The temporal bone CT was taken with the parameters of 140 kV, 250 mAs, and a 0.75 mm section (MX 8000 IDT; Philips, The Netherlands). Each side of the CT scan was analyzed separately. All scans were done in El-Rhama Scan Centre. All study cases were prepared for CI in local insurance system. We compared radiological findings of OME with normal temporal bones, which were performed by an experienced specialist. The axial CT scan, which showed the most visible image of the short limb of posterior semicircular canal, was identified. With this axial cut, the next superior and inferior cuts were evaluated for the relationships between the vertical segment and the mastoid antrum.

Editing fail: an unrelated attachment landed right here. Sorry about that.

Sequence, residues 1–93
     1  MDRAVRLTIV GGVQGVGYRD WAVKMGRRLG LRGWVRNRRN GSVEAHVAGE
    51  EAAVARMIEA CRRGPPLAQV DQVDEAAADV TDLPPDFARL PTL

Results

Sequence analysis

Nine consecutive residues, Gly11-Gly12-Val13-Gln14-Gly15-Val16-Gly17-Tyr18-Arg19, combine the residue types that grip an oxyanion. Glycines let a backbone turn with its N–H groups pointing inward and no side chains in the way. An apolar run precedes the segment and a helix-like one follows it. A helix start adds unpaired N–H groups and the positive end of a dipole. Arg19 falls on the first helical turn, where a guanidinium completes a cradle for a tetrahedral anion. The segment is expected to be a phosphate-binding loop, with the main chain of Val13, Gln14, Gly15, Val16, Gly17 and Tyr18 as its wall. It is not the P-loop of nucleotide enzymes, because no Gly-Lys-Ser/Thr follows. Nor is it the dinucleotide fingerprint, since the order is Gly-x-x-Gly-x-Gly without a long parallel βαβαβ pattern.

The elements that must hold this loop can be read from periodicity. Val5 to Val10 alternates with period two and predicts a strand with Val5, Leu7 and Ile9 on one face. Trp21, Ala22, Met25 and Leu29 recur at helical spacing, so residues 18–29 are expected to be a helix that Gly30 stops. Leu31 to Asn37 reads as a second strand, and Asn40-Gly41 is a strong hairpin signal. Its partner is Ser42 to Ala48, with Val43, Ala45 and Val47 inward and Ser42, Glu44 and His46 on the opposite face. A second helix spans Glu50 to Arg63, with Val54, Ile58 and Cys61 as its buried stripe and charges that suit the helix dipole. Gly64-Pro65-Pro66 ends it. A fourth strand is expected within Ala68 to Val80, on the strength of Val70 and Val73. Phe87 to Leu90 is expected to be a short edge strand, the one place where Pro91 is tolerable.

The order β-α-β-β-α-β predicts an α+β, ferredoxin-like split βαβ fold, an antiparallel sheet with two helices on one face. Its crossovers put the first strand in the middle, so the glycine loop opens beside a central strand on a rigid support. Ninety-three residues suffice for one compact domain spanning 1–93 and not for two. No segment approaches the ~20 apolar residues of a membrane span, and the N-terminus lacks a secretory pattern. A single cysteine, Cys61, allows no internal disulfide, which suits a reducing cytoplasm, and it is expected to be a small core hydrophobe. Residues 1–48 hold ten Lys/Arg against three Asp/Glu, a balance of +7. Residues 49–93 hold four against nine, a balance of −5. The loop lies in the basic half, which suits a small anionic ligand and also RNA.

Evaluation of the anatomical relationships was performed according to several parameters: protrusion of the FN into the mastoid antrum, status of the facial canal, new bone formation over the facial canal, and the presence air cells in FR. Protrusion of the FN was defined as a projection of the facial canal based on the bottom of the mastoid antrum from the surgeon’s view (patient’s head rotated 30° away from the observer). The status of the facial canal was evaluated by surrounding thickness of the cortical bone of the vertical segment. Ossification of FR air cells around the vertical canal in FR was defined as a new bone formation over the facial canal. All cases was done with collaboraton with insurance medical institute with approval of local ethical committe. A written consent from the patients, in keeping with the Declaration of Helsinki’s mandate.

A χ2-test was used to statistically analyze the results using SPSS 10.0 (SPSS Inc., Chicago, Illinois, USA). P less than 0.05 was considered statistically significant.


  Results Top